An intriguing character study that was ahead of its time, both in its voyeuristic use of the killer point of view, as well as its articulate and confrontational examination of the male gaze.
Peeping Tom tells the story of Mark, a photographer who loves to record the deaths of women to study their fear responses. The causes of his behaviors are slowly revealed throughout the film as he establishes a meaningful relationship with a tenant in his apartment building.
It flawlessly puts the audience in the drivers seat, as we find ourselves empathizing with a perverse murderer who is impeccably embodied by Karlheinz Böhm. As viewers, we enjoy this intrusive look into his experiences as much as he enjoys peeping into the personal lives and emotions of others. By doing this, it playfully blurs the line between reality and film.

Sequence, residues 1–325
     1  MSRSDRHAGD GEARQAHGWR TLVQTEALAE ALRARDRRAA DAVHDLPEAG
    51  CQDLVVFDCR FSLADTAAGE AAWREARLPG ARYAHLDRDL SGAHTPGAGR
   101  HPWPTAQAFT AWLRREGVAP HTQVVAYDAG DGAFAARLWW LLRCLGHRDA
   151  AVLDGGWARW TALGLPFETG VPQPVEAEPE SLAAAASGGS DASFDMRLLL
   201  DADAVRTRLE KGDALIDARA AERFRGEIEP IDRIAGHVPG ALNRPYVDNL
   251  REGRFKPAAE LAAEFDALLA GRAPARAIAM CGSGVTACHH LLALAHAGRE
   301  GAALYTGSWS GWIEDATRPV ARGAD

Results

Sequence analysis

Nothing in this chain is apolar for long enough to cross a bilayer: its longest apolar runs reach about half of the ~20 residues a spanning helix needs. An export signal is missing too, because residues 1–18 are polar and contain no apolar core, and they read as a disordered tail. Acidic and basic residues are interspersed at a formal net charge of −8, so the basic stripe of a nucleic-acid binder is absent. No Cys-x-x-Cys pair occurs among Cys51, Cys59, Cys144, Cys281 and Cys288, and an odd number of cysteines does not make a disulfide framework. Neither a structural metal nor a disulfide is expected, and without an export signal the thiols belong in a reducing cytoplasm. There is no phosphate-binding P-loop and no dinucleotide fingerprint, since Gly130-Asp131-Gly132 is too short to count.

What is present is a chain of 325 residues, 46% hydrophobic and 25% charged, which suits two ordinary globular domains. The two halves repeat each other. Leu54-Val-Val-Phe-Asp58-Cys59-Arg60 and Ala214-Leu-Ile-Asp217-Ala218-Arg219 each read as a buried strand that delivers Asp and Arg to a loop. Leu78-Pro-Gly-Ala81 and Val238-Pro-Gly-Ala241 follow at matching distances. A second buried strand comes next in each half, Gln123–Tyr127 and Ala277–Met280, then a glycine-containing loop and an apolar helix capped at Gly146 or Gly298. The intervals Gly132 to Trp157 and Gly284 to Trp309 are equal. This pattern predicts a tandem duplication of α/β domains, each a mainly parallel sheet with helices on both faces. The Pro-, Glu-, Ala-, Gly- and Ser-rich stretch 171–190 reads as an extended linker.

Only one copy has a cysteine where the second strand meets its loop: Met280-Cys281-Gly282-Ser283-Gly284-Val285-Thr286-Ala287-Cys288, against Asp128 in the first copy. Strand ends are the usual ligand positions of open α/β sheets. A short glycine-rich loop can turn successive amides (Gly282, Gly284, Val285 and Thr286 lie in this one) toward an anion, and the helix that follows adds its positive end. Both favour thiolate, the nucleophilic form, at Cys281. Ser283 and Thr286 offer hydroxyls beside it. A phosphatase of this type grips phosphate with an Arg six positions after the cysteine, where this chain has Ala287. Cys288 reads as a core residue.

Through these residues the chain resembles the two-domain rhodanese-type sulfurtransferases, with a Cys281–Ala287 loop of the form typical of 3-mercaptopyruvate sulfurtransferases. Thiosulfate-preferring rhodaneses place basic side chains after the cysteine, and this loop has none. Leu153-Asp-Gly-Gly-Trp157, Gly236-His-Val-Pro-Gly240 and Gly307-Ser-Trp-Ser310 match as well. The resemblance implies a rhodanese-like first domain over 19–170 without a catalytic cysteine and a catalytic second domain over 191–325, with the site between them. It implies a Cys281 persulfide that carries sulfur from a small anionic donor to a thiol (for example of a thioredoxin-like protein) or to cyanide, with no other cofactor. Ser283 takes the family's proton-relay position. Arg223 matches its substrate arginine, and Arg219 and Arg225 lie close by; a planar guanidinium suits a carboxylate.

Peeping Tom is more heartbreaking than horrifying, but it definitely earned it’s place as a horror classic.